By Jen Mannas, Wildlife Naturalist

2015 was one the busiest years we have had in the past five here at PAWS Wildlife Center.

With your help we treated over 4,200 patients this year (some are pictured below), almost 800 more than in 2014.

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Several were patients we rarely see at the Wildlife Center including a Rough-legged Hawk, a Mule Deer, an American Dipper and two baby Mink. Others were common species including eight American Black Bears, over 1,000 baby birds, 15 Bald Eagles, and 16 Northern Flying Squirrels.

A special thank-you to over 300 volunteers who donated thousands of hours of their time in 2015 at PAWS Wildlife Center, feeding, transporting, caring for and cleaning up after our patients to ensure they have a healthy environment in which to grow and heal.

As we look back at 2015, we must also give thanks to people like you for continuing to support PAWS and our mission to be a champion for animals by helping all animals in need.

While you ring in the New Year, check out the video below to enjoy an inside look at some of our more memorable patients and their releases.

2015 Looking Back from PAWS on Vimeo.


Inspired by our work? Consider making a donation today to help us continue providing vital care to wild animals in need.

Found a wild animal in need? Find out how PAWS can help.

Interested in a career in wildlife rehabilitation? Check out internship/externship opportunities at PAWS.

By Jen Mannas, Wildlife Naturalist

We are still receiving animals daily who need medical attention. Most of them will return to the wild after just a short time in our care. We do, however, have several patients at PAWS Wildlife Center who will be spending the entire winter with us.

We have eight American Black Bear cubs in our care right now, each of whom came to us with their own story and from across the state of Washington.

We received our first bear cub on August 16 from Renton and our eighth on December 13 from Skykomish. All eight cubs were orphaned and found alone too young to survive on their own.

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Thanks to the Washington Department of Fish and Wildlife, each cub was captured and brought in to grow up at PAWS.

Currently seven of our bear patients are housed together while the eighth bear is waiting for her quarantine period to end before being introduced to the others. The bears spend their day wrestling and sleeping in a tub filled with straw when they aren’t exploring their enclosures for food.

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As these bears play and assert their dominance, they are learning very useful skills that will help them survive in the wild and better integrate back into the wild bear population when they are released next spring.

Another way to help bears prepare for the wild is to stimulate their instincts to search for food. To do this, our staff and volunteers develop enrichment items that can be filled with food and other treats that are later placed in their enclosures.

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A favorite enrichment item around the holidays is used Christmas trees. We typically hide food in among the branches of the trees, which are then hung in the bears' enclosures. The bears also like to use the trees for other natural behaviors such as rubbing and clawing. Other enrichment items include rotting logs (see video below), large branches, papier mache boxes, and fresh water pools.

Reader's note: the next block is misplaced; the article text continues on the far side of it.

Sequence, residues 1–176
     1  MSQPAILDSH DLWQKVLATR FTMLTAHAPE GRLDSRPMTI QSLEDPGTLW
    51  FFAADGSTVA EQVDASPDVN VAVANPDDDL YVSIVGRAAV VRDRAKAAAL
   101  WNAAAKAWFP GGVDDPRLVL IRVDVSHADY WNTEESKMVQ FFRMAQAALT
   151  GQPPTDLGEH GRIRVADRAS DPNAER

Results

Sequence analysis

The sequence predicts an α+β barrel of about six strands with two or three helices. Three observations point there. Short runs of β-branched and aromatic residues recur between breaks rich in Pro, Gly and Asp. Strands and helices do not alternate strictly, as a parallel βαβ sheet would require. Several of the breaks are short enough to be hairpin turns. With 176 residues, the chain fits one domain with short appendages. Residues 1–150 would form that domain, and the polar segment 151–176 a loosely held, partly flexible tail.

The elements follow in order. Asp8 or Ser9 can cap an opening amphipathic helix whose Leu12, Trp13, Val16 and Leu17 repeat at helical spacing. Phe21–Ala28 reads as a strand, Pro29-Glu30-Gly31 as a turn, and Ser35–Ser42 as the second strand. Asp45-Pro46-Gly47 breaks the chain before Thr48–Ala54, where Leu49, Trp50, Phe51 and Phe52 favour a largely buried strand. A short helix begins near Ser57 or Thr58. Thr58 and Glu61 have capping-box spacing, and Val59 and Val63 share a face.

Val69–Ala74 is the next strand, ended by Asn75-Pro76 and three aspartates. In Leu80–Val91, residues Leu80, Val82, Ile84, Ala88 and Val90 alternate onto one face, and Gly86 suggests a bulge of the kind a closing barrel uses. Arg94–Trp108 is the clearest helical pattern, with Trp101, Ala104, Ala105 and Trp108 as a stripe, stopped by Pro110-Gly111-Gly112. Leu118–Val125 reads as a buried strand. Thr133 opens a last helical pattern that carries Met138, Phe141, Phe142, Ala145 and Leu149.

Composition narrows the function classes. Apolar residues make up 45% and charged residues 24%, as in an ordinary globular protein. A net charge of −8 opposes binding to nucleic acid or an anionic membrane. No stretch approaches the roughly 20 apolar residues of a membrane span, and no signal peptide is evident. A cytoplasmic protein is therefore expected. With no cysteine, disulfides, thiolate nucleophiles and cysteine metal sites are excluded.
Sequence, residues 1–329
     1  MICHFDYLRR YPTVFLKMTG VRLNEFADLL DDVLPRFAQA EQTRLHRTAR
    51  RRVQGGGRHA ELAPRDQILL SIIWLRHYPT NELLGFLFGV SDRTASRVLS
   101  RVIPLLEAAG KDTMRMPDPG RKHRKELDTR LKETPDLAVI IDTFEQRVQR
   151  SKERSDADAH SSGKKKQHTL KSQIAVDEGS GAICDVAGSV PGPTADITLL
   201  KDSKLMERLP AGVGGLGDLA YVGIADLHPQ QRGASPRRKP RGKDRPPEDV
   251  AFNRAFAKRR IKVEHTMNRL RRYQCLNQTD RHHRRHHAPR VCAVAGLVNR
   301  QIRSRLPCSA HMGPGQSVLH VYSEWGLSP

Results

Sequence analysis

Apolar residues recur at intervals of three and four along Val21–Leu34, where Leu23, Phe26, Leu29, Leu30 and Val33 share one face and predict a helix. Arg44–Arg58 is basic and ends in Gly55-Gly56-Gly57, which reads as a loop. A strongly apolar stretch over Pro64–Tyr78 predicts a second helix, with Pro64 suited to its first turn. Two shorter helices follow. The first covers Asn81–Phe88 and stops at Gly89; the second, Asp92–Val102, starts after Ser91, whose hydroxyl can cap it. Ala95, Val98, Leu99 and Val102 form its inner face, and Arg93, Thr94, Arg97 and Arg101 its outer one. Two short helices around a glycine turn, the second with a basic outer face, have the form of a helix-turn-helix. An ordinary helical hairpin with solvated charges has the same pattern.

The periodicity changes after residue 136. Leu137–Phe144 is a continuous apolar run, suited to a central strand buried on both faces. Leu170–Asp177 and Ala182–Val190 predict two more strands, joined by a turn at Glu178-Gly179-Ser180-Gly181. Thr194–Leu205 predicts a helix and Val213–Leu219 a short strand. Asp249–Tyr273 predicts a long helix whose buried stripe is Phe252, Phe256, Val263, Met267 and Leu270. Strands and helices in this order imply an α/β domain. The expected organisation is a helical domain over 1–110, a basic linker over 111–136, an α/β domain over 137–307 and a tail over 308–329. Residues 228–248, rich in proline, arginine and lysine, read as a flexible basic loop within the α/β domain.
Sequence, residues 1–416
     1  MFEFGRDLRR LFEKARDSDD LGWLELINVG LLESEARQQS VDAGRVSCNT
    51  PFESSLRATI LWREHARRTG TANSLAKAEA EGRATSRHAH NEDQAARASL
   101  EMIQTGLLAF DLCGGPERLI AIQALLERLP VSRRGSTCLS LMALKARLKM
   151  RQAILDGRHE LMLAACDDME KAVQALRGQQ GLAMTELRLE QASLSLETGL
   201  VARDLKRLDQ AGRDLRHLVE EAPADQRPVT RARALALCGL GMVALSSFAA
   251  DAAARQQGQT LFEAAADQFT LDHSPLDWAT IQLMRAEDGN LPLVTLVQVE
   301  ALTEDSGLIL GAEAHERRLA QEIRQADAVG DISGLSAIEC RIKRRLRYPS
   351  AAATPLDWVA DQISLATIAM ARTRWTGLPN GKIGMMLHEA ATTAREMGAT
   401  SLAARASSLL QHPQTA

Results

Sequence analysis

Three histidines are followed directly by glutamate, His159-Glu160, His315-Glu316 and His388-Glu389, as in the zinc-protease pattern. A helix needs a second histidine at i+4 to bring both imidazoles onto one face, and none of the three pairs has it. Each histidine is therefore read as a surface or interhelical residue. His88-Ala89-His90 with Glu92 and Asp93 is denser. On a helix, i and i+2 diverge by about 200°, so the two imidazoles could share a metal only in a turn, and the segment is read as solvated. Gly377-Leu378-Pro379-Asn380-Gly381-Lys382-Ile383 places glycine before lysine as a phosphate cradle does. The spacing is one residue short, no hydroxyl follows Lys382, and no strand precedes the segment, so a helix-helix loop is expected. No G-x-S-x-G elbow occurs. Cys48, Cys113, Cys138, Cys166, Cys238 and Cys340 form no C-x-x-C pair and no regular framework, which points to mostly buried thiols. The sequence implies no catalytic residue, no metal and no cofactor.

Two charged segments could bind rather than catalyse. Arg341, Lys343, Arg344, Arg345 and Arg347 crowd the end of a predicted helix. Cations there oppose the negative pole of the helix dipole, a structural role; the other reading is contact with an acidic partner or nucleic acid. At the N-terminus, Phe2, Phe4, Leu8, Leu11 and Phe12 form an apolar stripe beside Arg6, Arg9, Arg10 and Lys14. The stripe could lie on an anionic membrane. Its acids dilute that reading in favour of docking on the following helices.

By developing these useful skills here at PAWS, they will have a better chance of surviving on their own in the wild. Be sure to check back throughout the winter for photos and videos of our bear patients romping around and learning what it takes to be a wild black bear.

Black Bear Enrichment from PAWS on Vimeo


Inspired by our work? Consider making a donation today to help us continue providing vital care to wild animals in need.

Found a wild animal in need? Find out how PAWS can help.

Interested in a career in wildlife rehabilitation? Check out internship/externship opportunities at PAWS.

By Melissa Moore, Education Programs Manager

750 KidDog1One of my favorite moments of any week here at PAWS is when I open an envelope return addressed from a local classroom.

I am one of three educators at PAWS fortunate enough to be able to visit classrooms full of students, work with scouts in badge programs, and give tours of PAWS to small groups of children. Not only do we have the opportunity to share PAWS’ message of kindness and compassion towards animals with local youth, but the students also share their energy and passion for animals with us.

PAWS offers unique programs for different age groups and interests. However, we also offer one special program, Kids Who Care, that is six hours long and delivered over the span of six visits.

In the first few Kids Who Care classes, we discuss responsible care of companion animals, including microchipping pets and spaying or neutering. We even address difficult topics like puppy mills. A student favorite is a board game called Happy Cat, Sad Cat, through which they learn why keeping a companion cat indoors is better for the cat and for wildlife.

In the fourth and fifth class visits, the topic switches to wildlife and the students get to handle real skulls and feathers, among other biofacts. They use student-sized field guides and learn about how wild animals become injured.


The students write in their Kids Who Care Journal after each class, answering questions, writing opinion pieces, and making up stories about animals. It is truly an interdisciplinary class that reaches students on many levels.